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Fret slots by CNC, band saw, figure saw...

Discussion in 'Tele Home Depot' started by Slowtwitch, Feb 8, 2019.

  1. otterhound

    otterhound Poster Extraordinaire

    Dec 14, 2008
    Manheim Pa.
    You can use a table saw or a radial arm saw with appropriate blade and a slotted template and pin to set the correct spacing .
     
  2. Slowtwitch

    Slowtwitch TDPRI Member

    78
    Dec 30, 2018
    South Africa
    I'm in South Africa and these are not locally available, and to ship fretboards from overseas doesn't make sense
     
    wadeeinkauf likes this.
  3. Slowtwitch

    Slowtwitch TDPRI Member

    78
    Dec 30, 2018
    South Africa
    If I got the Japanese saw route will this do? Tooth per inch is only 18 but the kerf is 0.5mm which looks great. Price seams reasonable, can't find $10 saws like shown above though
    Screenshot from 2019-02-09 07:33:29.png
     
    Jupiter likes this.
  4. darren7

    darren7 Tele-Meister

    443
    Jul 31, 2009
    Toronto
    I already posted the link above to Precise Bits.
     
  5. guitarbuilder

    guitarbuilder Doctor of Teleocity Silver Supporter

    Mar 30, 2003
    Ontario County
    Back when I started doing this stuff, this was the kerf size of the fret wire. These days it appears that most saws cut a .023 kerf. Just makes sure the fretwire tang will get in there without causing a back bow.
     
    Slowtwitch likes this.
  6. wadeeinkauf

    wadeeinkauf Tele-Holic

    698
    Sep 24, 2010
    Monterey CA
    Ok...since you are going to have to cut these by hand here is a suggestion that you can try that will cost next to nothing.

    As guitarbuilder just said fret saws that you purchase from LMII and StewMac (I have 2) are .023 inches. I just measured mine and that is what I got. A regular old hacksaw blade is (I just measured one of mine) is .024. A hacksaw is not the best choice but it will work if you take your time and have a steady hand.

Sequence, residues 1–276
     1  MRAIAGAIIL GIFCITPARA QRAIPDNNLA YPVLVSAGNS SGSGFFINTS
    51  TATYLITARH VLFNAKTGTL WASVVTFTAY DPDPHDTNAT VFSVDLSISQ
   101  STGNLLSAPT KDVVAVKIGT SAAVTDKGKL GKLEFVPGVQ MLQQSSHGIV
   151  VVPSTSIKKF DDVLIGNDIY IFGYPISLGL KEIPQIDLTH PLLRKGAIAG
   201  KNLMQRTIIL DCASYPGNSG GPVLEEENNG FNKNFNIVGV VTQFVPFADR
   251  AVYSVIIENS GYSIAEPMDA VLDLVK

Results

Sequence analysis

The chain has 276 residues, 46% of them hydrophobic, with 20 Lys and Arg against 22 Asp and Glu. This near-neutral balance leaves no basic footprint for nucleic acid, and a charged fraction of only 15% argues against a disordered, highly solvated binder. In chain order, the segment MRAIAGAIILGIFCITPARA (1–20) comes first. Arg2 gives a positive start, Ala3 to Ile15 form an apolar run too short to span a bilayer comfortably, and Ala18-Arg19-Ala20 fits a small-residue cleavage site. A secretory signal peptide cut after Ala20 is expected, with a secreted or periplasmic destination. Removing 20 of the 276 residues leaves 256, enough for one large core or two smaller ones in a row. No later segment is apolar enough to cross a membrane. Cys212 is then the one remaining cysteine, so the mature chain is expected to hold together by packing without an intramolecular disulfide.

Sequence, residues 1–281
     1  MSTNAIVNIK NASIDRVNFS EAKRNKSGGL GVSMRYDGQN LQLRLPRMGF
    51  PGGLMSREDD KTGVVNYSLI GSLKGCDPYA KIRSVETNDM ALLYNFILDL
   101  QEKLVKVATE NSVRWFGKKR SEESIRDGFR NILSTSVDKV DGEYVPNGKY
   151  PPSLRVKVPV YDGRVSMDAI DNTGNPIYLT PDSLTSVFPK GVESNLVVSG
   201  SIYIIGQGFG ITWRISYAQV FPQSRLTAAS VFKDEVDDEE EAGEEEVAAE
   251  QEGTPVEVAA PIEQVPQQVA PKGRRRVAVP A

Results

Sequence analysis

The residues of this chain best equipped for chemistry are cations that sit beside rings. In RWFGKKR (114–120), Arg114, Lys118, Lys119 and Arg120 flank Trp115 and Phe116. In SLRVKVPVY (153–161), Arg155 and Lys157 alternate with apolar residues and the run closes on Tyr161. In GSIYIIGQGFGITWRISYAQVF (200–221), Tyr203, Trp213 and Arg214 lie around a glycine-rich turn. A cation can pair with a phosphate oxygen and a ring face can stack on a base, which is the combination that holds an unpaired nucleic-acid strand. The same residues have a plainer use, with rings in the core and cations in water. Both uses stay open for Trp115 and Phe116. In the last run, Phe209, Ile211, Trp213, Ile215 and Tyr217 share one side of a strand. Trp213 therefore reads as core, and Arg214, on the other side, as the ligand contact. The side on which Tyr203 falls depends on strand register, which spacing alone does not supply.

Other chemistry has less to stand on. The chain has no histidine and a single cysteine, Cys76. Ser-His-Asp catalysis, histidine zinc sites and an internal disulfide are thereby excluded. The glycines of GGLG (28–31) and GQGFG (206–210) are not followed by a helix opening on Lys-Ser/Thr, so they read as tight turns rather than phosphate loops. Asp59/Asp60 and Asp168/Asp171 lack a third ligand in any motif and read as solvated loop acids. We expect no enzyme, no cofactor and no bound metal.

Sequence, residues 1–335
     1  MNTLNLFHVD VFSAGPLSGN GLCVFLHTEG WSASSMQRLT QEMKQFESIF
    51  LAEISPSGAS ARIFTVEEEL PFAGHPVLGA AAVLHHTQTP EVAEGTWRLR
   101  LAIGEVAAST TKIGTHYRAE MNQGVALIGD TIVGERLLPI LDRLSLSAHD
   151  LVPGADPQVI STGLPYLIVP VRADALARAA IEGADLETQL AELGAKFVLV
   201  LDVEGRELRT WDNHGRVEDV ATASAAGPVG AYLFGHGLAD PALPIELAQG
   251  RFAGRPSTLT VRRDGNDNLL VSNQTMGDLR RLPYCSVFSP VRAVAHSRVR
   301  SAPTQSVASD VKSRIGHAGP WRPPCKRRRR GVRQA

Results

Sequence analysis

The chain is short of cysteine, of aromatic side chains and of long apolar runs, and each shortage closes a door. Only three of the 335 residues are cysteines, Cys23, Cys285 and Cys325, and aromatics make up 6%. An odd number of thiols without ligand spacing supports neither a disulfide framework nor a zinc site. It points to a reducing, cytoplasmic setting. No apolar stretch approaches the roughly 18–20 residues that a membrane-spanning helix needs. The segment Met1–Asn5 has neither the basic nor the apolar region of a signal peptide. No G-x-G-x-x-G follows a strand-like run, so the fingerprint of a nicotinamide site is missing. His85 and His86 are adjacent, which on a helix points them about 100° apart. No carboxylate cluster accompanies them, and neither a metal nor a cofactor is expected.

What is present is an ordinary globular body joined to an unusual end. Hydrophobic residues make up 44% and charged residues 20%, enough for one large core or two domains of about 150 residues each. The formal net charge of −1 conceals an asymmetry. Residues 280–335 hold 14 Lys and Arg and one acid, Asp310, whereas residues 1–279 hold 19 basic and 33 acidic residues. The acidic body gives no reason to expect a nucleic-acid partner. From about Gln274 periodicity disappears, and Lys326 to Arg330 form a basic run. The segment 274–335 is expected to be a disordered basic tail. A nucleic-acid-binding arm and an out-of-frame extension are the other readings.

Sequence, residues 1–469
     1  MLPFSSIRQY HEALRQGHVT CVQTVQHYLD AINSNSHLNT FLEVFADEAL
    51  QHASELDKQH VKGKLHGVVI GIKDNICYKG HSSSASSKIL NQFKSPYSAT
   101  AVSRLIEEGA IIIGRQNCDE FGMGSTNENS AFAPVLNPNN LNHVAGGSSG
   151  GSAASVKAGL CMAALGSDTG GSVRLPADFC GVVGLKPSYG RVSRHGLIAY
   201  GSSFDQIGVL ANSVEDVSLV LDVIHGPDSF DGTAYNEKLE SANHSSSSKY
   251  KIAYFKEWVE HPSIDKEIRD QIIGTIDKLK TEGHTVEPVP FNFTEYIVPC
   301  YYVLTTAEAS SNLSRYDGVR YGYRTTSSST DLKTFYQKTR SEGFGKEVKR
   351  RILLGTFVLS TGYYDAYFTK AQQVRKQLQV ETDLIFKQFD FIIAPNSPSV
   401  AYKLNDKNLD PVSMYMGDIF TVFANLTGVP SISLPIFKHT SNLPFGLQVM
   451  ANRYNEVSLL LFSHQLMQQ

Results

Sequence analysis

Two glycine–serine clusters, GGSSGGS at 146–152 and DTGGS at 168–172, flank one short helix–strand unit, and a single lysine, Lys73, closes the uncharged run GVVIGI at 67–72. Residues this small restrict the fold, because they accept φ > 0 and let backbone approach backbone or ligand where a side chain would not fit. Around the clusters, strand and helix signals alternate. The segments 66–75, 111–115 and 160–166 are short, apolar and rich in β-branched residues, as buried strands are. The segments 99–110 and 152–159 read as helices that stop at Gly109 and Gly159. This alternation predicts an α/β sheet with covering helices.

I would suggest you go to http://www.ekips.org/tools/guitar/fretfind2d/ or use another similar tool and print out this fret layout on “thick” paper….thicker that normal printer paper. You will have to print on two pages and tape these together. Then either double sided tape or spray contact glue on the paper and glue it to the fretboard. Use the thicker paper because the glue has moisture and the damp paper can (will) stretch. You need something straight and heavy to set next to the printed fret line to hold the saw against as a guide. I use a piece of stone that was a leftover from a stone counter top that had been cut square. I have even used two small carpenter squares taped together to get them high enough. It will be tedious but I am sure it will work and the fret slots will not be too wide.
    Wade
     
    Slowtwitch likes this.
  7. s_tones

    s_tones Tele-Holic

    872
    Nov 10, 2013
    central CA
    I cut all my fretslots with a 0.023 fretslot cutter endmill from Precise bits.
    I've cut about 10 fretboards this way to date and have broken exactly 1 endmill in all that time.
    I run them at 300mm/min and I use a depth of cut of 0.2mm per pass.
    Steve
     
    Slowtwitch and adirondak5 like this.
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